How to Clean an RV Rubber Roof


Just like any other vehicle, your RV is going to need periodic care and maintenance if it is going to provide you with many years of reliable service. One of the parts of your RV which needs to be cleaned from time to time is a part you usually don’t see – the roof. It all likelihood, your RV has a rubber roof to keep the elements at bay. While these rubber roofs are durable and reliable, they do need to be cleaned occasionally. If you would like to provide your roof with the attention it needs, consider the helpful tips below.

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Be Careful Above All Else

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The roof of your RV might not be as high off the ground as the roof of your home, but it is still sufficiently high to injure you in the case of a fall. Anytime you are working on the roof of your RV, take precautions to keep yourself as safe as possible. Tread lightly on the roof, take your time, and watch for tripping hazards. Also, save this job for a rain-free day, as a wet RV roof can be a slippery place. If you are uncomfortable with heights or are not steady on your feet, it may be better to turn this job over to a professional.

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Inspect the Surface

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There are a number of seams on the roof of your RV where the rubber meets various items – and all of these seams are potential locations for a leak. As you prepare to clean the roof, check for cuts or breaks along the seams, as well as visually inspecting the rest of the roof for damage. You may not have noticed if a tree branch or other item clipped your roof as you drove along, but such damage could easily lead to a leak.

Repairs Before Cleaning

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Should you happen to find any damage on your roof, take the step of repairing those damaged spots before you move on to cleaning. Always be sure to use the right materials when completing roof repairs – you can ask about this at the dealership or consult your owner’s manual if you are unsure.

Nothing Fancy

Most of your RV roof cleaning activity can be completed with a brush and some warm, soapy water. To soap up the water, just use a basic dish detergent. As long as you keep up a routine of washing the roof of your RV on a periodic basis, there shouldn’t be too much grime to cut through – just one or two passes with your brush and the soapy water should do the job.

Get Advice When in Doubt

If you have a serious mess on your hands when you go up to clean the roof of your RV, it is possible that you will need to use stronger cleaners to get the job done. Before you do so, be sure to get advice or to at least carefully read labels. Some of the cleaners you will find on the market are harmful to a rubber roof. Steer clear of using the wrong products and keep up with a maintenance schedule to keep your RV roof in great shape for years to come.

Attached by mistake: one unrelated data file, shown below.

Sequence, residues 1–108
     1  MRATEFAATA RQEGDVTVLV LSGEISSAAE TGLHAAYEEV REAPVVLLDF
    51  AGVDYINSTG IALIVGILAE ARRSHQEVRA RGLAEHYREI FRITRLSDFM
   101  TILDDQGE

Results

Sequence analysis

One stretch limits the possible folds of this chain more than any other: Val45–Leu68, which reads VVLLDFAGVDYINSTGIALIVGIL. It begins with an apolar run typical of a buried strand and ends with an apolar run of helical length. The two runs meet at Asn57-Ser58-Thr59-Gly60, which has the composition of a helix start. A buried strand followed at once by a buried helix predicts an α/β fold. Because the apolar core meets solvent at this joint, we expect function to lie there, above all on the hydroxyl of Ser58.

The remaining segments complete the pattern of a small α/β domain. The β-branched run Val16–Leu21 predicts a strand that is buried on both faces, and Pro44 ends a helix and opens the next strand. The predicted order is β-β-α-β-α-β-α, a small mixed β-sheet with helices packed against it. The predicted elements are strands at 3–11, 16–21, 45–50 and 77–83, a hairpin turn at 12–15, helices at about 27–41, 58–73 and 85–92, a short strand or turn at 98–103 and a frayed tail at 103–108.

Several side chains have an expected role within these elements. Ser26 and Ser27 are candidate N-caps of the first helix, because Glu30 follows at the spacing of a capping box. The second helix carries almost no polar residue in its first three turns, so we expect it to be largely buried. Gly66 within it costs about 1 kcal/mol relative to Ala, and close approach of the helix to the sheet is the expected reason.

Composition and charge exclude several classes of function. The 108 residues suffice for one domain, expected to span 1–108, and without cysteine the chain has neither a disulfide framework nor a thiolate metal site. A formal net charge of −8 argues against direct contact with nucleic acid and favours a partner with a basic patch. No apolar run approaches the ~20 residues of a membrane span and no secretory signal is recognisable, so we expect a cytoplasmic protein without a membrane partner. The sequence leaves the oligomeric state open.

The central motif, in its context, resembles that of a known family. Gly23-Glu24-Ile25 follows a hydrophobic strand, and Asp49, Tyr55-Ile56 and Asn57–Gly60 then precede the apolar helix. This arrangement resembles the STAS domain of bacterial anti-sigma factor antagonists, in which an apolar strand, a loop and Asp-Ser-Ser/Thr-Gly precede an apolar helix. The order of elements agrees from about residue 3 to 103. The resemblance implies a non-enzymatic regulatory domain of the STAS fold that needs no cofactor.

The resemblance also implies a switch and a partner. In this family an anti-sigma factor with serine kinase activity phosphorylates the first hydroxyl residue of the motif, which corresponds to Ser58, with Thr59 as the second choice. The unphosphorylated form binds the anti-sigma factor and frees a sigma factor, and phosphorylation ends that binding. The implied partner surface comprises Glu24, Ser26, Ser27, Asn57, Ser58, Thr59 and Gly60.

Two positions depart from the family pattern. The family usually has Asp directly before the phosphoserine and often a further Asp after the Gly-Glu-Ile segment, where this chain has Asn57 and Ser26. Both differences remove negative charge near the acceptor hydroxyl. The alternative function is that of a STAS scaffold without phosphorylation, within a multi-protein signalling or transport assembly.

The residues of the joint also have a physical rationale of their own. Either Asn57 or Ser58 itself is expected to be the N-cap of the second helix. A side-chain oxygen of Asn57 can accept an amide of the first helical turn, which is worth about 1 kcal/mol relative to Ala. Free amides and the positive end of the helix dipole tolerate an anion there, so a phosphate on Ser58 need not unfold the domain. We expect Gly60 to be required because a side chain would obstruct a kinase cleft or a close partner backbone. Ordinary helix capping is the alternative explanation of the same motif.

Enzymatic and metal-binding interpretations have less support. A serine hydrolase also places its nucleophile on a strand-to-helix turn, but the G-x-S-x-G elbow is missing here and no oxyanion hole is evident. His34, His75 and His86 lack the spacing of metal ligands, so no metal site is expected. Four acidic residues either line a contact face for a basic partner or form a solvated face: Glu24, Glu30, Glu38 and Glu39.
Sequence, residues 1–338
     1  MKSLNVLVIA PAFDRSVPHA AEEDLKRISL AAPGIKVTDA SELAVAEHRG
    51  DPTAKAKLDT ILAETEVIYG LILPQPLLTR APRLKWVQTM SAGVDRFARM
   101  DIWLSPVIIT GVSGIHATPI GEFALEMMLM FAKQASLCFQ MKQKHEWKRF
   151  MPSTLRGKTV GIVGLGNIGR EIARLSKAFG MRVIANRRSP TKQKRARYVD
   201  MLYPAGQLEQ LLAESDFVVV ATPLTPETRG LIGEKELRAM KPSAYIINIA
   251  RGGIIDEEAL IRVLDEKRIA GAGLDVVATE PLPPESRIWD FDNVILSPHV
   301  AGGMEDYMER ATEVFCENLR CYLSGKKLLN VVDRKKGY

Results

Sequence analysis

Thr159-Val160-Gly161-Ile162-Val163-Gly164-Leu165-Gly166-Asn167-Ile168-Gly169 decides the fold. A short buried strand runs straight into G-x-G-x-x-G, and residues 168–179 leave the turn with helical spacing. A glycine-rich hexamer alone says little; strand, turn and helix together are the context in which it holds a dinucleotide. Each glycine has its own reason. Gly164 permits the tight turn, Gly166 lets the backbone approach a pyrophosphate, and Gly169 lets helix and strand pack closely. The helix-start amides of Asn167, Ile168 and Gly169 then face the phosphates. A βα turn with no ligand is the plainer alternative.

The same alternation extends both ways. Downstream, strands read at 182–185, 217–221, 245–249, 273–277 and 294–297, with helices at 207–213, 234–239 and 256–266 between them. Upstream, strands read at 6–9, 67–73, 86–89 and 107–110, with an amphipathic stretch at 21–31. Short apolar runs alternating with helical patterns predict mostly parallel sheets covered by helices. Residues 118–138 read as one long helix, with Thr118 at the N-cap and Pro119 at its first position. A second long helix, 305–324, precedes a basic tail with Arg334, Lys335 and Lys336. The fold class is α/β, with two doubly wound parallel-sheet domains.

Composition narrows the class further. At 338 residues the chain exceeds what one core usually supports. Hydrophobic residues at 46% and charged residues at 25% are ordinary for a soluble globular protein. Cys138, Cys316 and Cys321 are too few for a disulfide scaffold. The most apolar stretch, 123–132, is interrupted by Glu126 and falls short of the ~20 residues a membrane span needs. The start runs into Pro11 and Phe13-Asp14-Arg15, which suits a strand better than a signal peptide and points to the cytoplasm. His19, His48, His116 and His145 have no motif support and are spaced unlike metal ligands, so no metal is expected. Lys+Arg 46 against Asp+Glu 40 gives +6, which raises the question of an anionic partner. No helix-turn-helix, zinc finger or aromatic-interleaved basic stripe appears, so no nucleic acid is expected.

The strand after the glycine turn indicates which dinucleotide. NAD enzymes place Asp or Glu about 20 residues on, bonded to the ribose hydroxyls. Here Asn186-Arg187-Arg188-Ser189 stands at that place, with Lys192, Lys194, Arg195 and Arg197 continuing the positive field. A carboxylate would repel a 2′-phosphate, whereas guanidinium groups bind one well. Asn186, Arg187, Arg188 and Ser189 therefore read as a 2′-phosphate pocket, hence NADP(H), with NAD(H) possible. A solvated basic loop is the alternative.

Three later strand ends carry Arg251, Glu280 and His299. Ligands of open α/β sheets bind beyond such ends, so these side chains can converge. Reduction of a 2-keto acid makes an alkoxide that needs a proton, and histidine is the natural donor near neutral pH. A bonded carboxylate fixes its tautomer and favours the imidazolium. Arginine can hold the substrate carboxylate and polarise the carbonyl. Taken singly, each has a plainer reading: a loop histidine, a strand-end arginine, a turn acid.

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Comments 5

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  1. To soap up the water, just use a basic dish detergent.

    WHAT??? NEVER EVER USE DETERGENT! IT CUTS THROUGH WAX AND IT GREAT FOR GREASE end of story.

    You should use shampoo a cheap baby shampoo, car wash and wax shampoo. Key word Shampoo! Won’t harm your finish gel coat or Wax.

    B/r,
    Rich

    1. R Gould: Thanks for that suggestion. I wouldn’t have even thought of that. At my age, I have no business on the roof anyway. We just bought a, new to us, fifth wheel. 2011 Heartland, Big Country, 38 feet. The roof is some 12 feet high. We also just sold our 1998 Road Runner, 28 feet, after 10 years of service to us. I was always on that roof. It gave us good service and has years of service left. When we first got the Road Runner, we got a full cover for it. What a $ 400.00 waist. Didn’t last a year because of the wind. So except for the tire covers, it was uncovered all of those years. Don’t get me wrong, in that, if we lived in an area without high winds, it would be better with a cover. Warranties won’t cover winds, but you just don’t know how high is too high for your cover until you try it. Any way, having said that, I was pleased that the rubber roof on the Road Runner was still in good shape, no cracks or leaks during that time. I would just use plain water to wash the dirt off. All in all, however, this is a good article because we are going full time in our new RV as soon as the house sells. Again thanks for the info.

      RMY

  2. In my Newmar owners manual it says use dish detergent.Its never affected my full body paint.I will say I don’t use it on my cars.Just saying.

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